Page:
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It’s a bird…it’s a plane…No! It’s a sun-propelled cubesat!
Born in 1999, cubesats are the generation Y of satellites. They’re miniaturized and inexpensive, while doing the stuff of regular satellites — tracking stars and beaming telecommunications. But like any space device, they need fuel to venture through space.
So Bill Nye, the legendary science guy, and a few other star lovers teamed up to make LightSail – the first cubesat pushed by sunbeams. Just as a sail boat harnesses the wind to move, LightSail uses energy from the sun to propel through the sky.
“You could pick almost any destination in the solar system if you have time because you never run out of fuel – the sun shines all the time,” Bill Nye said at a news conference on Wednesday. These satellites hold the possibility of traveling farther distances faster.
Scientists have dreamed about advances in solar sailing technology for decades and are excited by the implications of LightSail. Currently, aerospace researchers are limited by time and money. It is much easier to fund the launch of many small satellites that don’t rely on chemical fuel than to fund a larger, more expensive satellite with a single destination.
LightSail’s canvass is the size of a boxing ring, but prior to the mission’s May 20 launch, scientists packed its massive wings into a container the size of a bread box. Then off it went, hitching a ride from Cape Canaveral into earth’s atmosphere on the United Launch Alliance’s Atlas V rocket. To avoid scrambling LightSail’s signals with other cubesats on the trip, its sails remained stowed for the first four weeks in the sky. While the LightSail waited for its debut, it beamed down its geographical position to researchers at the California Institute of Technology and the Georgia Institute of Technology.
A camera aboard LightSail, captures a shot of the sun and its own solar wings on June 8, 2015. Photo by The Planetary Society
This past Sunday the sails unfurled after finally bypassing a few early glitches. The researchers tried twice before to deploy the sails without success. A solar-powered-battery motor deploys the sails, but as a precaution, the batteries are designed to shut-down if they get over- or undercharged. During the first two attempts to start the motor, the batteries were offline.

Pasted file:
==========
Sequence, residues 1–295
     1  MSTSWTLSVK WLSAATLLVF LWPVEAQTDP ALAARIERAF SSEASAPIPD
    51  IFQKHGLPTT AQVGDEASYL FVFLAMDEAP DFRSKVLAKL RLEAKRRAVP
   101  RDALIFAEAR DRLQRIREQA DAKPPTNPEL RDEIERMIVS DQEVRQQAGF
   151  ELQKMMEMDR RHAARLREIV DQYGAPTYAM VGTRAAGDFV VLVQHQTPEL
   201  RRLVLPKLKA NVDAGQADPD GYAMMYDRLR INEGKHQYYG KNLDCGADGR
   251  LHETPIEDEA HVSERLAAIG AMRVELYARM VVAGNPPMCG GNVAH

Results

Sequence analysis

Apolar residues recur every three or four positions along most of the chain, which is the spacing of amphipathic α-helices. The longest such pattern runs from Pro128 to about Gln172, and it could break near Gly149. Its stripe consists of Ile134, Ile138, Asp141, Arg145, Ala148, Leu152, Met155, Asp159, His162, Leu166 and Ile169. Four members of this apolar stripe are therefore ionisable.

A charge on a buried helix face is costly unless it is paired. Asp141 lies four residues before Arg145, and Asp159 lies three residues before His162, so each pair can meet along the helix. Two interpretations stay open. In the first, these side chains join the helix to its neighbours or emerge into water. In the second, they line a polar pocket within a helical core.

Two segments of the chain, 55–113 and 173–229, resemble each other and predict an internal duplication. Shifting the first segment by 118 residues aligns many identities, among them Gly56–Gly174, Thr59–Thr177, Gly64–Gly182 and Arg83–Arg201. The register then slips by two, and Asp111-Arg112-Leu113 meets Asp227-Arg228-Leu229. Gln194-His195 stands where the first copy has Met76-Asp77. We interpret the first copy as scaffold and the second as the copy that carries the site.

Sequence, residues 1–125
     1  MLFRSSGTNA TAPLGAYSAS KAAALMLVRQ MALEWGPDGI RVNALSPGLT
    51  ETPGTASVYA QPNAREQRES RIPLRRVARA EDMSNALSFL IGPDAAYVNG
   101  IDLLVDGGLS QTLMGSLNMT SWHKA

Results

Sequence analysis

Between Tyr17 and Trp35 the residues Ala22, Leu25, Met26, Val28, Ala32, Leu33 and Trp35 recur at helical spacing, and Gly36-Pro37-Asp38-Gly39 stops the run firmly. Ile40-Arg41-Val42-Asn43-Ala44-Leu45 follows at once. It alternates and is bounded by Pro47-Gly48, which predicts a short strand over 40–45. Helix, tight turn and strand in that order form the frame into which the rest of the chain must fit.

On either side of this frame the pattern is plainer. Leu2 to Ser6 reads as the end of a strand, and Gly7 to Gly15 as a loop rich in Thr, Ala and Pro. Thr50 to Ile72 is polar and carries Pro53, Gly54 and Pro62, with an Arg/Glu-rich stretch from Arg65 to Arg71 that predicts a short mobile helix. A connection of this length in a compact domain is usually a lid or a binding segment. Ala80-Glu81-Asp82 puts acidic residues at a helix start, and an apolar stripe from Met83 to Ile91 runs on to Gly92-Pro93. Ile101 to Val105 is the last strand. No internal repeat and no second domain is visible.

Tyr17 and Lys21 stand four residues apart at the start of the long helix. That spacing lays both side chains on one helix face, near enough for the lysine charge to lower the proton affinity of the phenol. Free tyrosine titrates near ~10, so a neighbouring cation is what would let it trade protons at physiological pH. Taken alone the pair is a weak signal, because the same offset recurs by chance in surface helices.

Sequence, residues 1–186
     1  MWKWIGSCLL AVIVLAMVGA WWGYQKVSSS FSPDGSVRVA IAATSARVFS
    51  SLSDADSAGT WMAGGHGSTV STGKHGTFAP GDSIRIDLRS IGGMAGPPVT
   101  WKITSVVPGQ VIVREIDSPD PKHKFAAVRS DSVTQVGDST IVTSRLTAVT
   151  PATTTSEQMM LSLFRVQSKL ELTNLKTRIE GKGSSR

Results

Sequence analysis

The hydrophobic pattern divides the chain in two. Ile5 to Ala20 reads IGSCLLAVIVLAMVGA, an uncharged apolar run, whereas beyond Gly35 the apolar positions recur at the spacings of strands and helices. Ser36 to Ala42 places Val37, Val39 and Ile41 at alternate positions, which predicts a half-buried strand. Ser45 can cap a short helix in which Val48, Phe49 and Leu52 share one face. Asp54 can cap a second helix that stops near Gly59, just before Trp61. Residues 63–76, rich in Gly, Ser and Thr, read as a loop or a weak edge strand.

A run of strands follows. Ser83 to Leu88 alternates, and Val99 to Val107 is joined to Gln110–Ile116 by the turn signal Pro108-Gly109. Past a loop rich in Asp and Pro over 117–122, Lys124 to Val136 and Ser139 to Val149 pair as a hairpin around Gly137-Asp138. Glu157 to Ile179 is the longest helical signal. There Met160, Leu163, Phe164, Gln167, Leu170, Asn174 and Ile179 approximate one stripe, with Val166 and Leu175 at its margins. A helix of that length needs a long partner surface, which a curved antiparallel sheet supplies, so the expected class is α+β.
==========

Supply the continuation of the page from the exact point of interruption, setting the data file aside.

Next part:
The sails are made of a reflective material called mylar that is barely thicker than a spider web. The sun radiates energy via massless photons. When the sun’s energy, or light, reflects off the mylar sails, the small satellite is pushed forward. At first, the cubesat creeps at an incredibly tiny rate. In 2010, Japan’s first solar spacecraft IKAROS reported a push from the sun of 1/4,000th of a pound of force. But unlike the bursts that normally propel satellites using chemical fuel forward, the momentum from solar radiation is continuous and can accumulate. In other words, this technology may allow small satellites to travel even faster than they are traveling now.
Thomas H. Zurbuchen, an aerospace scientist at the University of Michigan, imagines that the “satellite could fly toward the sun,” much like a boat can sail into the wind. He said that by bending the sails to catch the sun’s energy at different angles, researchers can actually control the satellite’s direction.
Video by The Planetary Society
This recent test launch placed LightSail in Earth’s lower orbit, roughly 400 miles high in the sky. There, it faces “rocky solarwinds,” Zurbuchen explained. “The atmosphere doesn’t stop abruptly,” he said. Instead, atmospheric particles keep hitting the surface of the sails, drawing energy out.
The next launch, in summer of 2016, will likely set sail farther out in space where Earth’s atmospheric particles will have less force and allow for much smoother sailing. LightSail was funded by private citizens via a Kickstarter campaign, but the Planetary Society invites you to be even more involved in the next launch by sending your selfie to space.
Catherine Woods is a 2015 mass media science and engineering fellow at the American Association for the Advancement of Science. She worked with the PBS NewsHour in the summer of 2015.
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